We first arrived in La Paz on our Beneteau Idylle Marathon in late 2009. The town and the very large anchorage off El Magote sand barrier peninsula (referred to as the Magote by cruisers), were quiet and peaceful. Finding a spot in a marina was easy and anchorages in the nearby islands were uncrowded and scenically spectacular. We kept our boat there for almost ten years before leaving for the South Pacific in early 2019.
Cruisers often get stuck in La Paz and we understand why. Those who have been there for a long time also speak of the “La Paz bungee cord”, which brings cruisers back to La Paz after they have sailed away for short or long periods of time. We met many of those people, including other Canadians, who had either circumnavigated or sailed to New Zealand, and who, when thinking about where they should move their boat at the conclusion of their long-distance long-term cruising, chose La Paz.
La Paz offers the tranquility of a medium-sized Mexican town with modest prices, great food, very nice friendly people, and access to everything that a cruiser might need. This includes marinas, boat yards with haul out and storage facilities, chandleries, marine technicians, mechanics and convenient access to the amazing cruising available in the Sea of Cortez. Getting to La Paz by air is easy because of its proximity to the airport in San Jose del Cabo. The latter serves Cabo San Lucas, a mega-tourist resort that generates a huge number of flight options from nearly anywhere in North America. Several flights per day from Vancouver are possible, including non-stop options via WestJet and Air Canada. But La Paz was a peaceful haven compared to Cabo San Lucas, which most boaters refer to as “a zoo”.
In 2009, tourism in La Paz was primarily domestic and focused on the marine environment. In Cabo, jet ski and quad bike tours exemplified the motorized focus of tourism in both land and sea environments. In La Paz, swimming with the whale sharks was a big draw, along with SCUBA diving and snorkeling – both are quieter and less impactful activities. The nighttime draw in Cabo was very loud bars, including those that surrounded the marina, while in La Paz, quiet dining on the Malecon or nearby was popular.
The bungee cord brought us back to La Paz in 2022 and we were surprised by the changes that we saw in the town and on the water. Tourism remains mostly domestic, but volume has increased significantly. The Malecon is now lined with bars, and the one or two tour boats for snorkeling, or swimming with sea lions or whale sharks, are now a steady stream of pangas going out to the islands for much of the day and every day. The marinas are chockablock full and it is nearly impossible to secure long term moorage or even short-term transient moorage. The Magote is a very large anchorage located close to the downtown core of La Paz but with some tricky currents and sandbars; it is now jammed with an incredible number of anchored boats.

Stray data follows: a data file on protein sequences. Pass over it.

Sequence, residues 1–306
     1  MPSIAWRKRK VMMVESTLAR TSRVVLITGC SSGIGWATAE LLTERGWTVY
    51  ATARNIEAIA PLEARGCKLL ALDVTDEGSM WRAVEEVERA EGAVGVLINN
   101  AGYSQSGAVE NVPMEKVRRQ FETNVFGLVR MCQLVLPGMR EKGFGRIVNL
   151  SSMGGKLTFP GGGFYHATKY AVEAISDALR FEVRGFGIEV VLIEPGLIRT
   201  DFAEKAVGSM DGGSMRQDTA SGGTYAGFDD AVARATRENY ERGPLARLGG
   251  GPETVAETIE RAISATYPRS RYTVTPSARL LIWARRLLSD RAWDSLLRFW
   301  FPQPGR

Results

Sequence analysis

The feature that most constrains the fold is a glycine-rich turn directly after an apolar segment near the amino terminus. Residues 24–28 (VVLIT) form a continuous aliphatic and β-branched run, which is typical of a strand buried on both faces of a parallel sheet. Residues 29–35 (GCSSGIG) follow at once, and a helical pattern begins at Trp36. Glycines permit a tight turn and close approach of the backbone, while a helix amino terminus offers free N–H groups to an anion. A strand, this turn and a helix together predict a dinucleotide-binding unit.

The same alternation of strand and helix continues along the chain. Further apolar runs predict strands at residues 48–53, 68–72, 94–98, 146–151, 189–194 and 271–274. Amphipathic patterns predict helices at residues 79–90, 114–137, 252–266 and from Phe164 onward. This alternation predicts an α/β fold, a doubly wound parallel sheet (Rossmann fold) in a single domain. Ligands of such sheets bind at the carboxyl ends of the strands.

Worse yet, nearby anchorages in the islands fill up on weekends with mega yachts, each of which exercises their mega sound system until the early morning hours. Around noon the jet skis are deployed and compete with the sound systems that apparently need to be turned up so that everyone can hear the music.
So what happened to La Paz? Perhaps several things. Tourism continues to grow everywhere, and the number of people keen to experience an alternative to the industrial-scale tourism in Cabo San Lucas are choosing La Paz instead. The number of international tourists enjoying La Paz has increased significantly, as has the amount of domestic tourists. Higher numbers bring increased diversity of interests – the quantity of bars and restaurants catering to diverse interests has expanded with the number of tourists.
Costs have also increased. Land-based accommodation costs have skyrocketed as has the price of a marina slip. We are paying three times what we paid for our slip in 2009 and about double what we were paying in that marina in 2019 when we left for the South Pacific. The cost now is about three times what we would pay for a 40’ slip in the Vancouver Rowing Club.
Some of the marinas are full of charter boats that were moved to Mexico when the Caribbean shut down to charter boating during the Pandemic. Catamarans are apparently the big draw in the charter fleet and each of them takes up two slips. We are in Marina Costa Baja, an excellent marina, where in the past there was a small cruising community of boats that is now reduced to a handful. The space has been taken up by charter boats – particularly cats, day-trip adventure boats supporting marine tourism, and a large fleet of sport fishers. These clients seem to be preferred to cruisers because they don’t ask for much. We were told we had to leave at the end of our initial 6-month contract that we signed in March of 2022. We were super lucky that the excellent manager of the marina did some juggling and found us a new spot, jammed into a slip next to a large and very beamy sport fisher – and the 10% discount for a 6-month moorage contract is no longer available because the waiting list to get into the marina is so long.
Lastly, the number of digital nomads living on boats has increased, along with young families who have discovered that living on a boat in Mexico is wonderful. Some are able to work from their boat and others are on a kind of sabbatical from the daily grind back home. We met a young couple from the Vancouver area, expecting their first child, who had arranged for a mid-wife to visit their boat at anchor when the time came. All went well.
The Sea of Cortez in and around La Paz remains as beautiful and enjoyable as ever. Nearby anchorages during the week are great and the essence of La Paz remains wonderful – but the bungee cord may no longer be fully operational.